Don’t fall in trap: ‘Lesser of two evils’ not an option

Bishop Anthony B. Taylor

Bishop Anthony B. Taylor delivered this homily Oct. 16.

Jesus had a great deal of “ambiguity tolerance.” He was able to deal patiently with messy situations. We see it in his dealings with Zacchaeus, with the Samaritan Woman and the tax collector who went to the Temple to pray. Life is complicated and Jesus was less concerned about looking good in the eyes of others than he was engaging the world as it really is.

Soon we have our national elections, for which we will need a great deal of “ambiguity tolerance.” And yet as citizens, we are obligated to participate in this messy process — even if we don’t like any of the options.

And I’m not going to make it any easier for you: no party has our endorsement, not even the third parties that are out there. There is actually a party that does model itself on Catholic teaching, the American Solidarity Party. You might want to take a look at its platform for future reference, but they won’t be on the ballot in Arkansas this year.

But regarding the options that are available to us this year, all the parties take positions that are contrary to our faith, and in the case of some candidates, there are serious questions of character. For this reason, some people will vote for one party for president and the other for Congress in the hope that they will sort of keep each other in check. But gridlock is itself a big problem.

Regarding our options this year, I often hear people say, “Well, you just have to choose the lesser of two evils,” but that is a trap. We may never choose evil. We can, however, choose the candidate whom we think might do more good than the others, especially if we believe that we might be able to limit the harm we fear through our system of checks and balances. This requires a lot of ambiguity tolerance.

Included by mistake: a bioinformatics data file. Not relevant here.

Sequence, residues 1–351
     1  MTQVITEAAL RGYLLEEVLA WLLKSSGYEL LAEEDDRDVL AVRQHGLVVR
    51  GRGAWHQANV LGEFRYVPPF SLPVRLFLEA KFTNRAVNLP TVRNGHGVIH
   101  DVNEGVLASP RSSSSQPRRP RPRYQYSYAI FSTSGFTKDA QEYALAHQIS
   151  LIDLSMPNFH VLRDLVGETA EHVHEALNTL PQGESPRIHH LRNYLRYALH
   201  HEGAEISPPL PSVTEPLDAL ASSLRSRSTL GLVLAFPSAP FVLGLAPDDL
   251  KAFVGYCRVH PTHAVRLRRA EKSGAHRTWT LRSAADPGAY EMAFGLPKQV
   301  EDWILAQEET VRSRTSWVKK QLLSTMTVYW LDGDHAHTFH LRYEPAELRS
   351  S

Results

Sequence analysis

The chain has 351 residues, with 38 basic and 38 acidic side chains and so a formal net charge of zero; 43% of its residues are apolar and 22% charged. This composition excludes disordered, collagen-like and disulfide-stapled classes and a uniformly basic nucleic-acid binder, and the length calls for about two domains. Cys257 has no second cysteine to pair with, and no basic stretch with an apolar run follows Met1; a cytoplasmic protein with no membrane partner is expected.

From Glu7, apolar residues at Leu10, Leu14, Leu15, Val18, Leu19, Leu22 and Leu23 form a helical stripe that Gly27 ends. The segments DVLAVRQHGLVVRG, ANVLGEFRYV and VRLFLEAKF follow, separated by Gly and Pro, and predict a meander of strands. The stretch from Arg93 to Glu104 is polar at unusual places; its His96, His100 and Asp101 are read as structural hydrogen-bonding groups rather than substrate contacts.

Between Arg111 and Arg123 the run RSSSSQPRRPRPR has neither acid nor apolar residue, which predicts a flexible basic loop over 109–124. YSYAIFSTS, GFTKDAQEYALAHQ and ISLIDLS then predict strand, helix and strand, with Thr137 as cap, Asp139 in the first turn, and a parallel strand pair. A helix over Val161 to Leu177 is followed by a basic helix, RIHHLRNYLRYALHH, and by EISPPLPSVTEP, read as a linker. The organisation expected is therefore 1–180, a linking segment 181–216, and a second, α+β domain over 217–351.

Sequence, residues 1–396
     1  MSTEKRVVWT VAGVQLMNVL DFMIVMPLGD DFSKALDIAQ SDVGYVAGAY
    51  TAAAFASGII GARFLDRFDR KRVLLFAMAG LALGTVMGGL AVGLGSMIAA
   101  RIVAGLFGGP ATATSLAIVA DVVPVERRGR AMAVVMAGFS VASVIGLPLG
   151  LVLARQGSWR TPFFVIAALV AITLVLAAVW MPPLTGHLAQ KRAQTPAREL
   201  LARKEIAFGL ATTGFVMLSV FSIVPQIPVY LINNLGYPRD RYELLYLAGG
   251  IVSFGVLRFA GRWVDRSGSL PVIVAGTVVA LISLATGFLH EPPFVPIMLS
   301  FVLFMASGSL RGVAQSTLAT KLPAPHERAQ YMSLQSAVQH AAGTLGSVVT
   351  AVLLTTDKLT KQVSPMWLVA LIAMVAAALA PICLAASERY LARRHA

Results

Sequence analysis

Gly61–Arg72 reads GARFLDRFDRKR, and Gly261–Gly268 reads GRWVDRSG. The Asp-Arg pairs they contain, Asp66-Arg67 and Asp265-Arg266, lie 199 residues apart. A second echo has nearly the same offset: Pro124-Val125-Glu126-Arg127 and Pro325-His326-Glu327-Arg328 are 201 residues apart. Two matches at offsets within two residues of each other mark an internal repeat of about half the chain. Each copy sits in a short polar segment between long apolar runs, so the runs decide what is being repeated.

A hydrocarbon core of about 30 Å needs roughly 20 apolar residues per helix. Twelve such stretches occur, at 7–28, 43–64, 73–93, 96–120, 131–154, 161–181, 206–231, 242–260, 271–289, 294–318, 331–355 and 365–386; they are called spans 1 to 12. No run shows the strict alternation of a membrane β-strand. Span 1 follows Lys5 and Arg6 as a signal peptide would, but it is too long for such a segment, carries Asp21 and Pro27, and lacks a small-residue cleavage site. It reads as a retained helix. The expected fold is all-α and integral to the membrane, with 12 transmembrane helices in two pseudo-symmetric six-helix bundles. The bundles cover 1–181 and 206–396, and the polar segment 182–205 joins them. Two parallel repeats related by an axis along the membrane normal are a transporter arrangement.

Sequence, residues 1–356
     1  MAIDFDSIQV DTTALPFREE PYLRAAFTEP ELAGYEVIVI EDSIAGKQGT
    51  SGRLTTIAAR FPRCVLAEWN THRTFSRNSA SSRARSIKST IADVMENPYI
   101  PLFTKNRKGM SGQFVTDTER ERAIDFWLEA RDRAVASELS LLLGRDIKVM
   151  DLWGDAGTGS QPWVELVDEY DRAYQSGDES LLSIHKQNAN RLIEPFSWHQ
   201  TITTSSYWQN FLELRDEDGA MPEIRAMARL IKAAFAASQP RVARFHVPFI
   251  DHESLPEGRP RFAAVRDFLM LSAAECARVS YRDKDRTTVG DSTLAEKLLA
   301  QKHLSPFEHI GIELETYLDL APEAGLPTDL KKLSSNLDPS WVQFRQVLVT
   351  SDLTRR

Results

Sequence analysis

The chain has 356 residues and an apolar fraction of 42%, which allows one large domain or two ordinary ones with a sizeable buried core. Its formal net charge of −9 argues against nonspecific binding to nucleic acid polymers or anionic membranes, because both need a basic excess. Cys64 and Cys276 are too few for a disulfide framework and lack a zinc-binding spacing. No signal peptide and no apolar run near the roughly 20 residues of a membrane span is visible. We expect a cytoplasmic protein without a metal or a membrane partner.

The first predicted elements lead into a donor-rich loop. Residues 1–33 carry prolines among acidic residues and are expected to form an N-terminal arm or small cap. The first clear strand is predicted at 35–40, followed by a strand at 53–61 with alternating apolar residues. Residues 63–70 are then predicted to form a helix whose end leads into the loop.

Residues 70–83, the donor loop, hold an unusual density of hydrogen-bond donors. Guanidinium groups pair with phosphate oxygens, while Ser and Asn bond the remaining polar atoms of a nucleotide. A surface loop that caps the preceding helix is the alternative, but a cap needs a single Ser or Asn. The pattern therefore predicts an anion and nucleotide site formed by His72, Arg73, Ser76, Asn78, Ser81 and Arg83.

To help us sort out what to do, the bishops of the United States have issued a “Faithful Citizenship” document to help us make a prudential judgment regarding the difficult and confusing choices before us. The document can be downloaded from the website of the United States Conference of Catholic Bishops. There are seven key themes of Catholic social teaching which we must weigh seriously as we prepare to vote:

  • The right to life and the dignity of the human person, at every stage of life from the first moment of conception to natural death. Abortion is an intrinsic evil which must always be opposed; likewise euthanasia and the destruction of embryos for research.
  • The call to family, community and participation, in particular regarding the sanctity of marriage as the lifelong union of one man and one woman open to the gift of new life.
  • Rights and responsibilities, including religious liberty whereby we are not forced to act contrary to our conscience (such as the HHS contraceptive mandate) and access to those things needed for human decency, including universal access to health care.
  • The option for the poor and vulnerable, with special concern for the weakest among us.
  • The dignity of work and the rights of workers, including the right to earn a living wage and the need for comprehensive immigration reform.
  • Solidarity, that we work for the common good, not just our own perceived self interest.
  • Care for God’s creation, to be good stewards of the environment now and for the future.

To this I would add a note about medical marijuana, about which people have reason to fear a slippery slope to the disaster of recreational marijuana. From a theological standpoint, the Church has no moral objection to the medical use of marijuana, just like any other drug when used for a genuine medical purpose. Even so, it will be very important — and difficult — to put safeguards in place sufficient to prevent it from falling into non-medical hands — especially the youth whose brains are still developing. Hence, the voters have a prudential decision to make. 

You and I have a lot to pray for between now and election day: especially for a renewed politics that focuses on moral principles, the defense of life, the needs of the weak and the pursuit of the common good. And, of course, we must also consider each candidate’s integrity, philosophy and performance. We don’t just need “ambiguity tolerance” this election cycle; we need the wisdom of Solomon and the guidance of the Holy Spirit.

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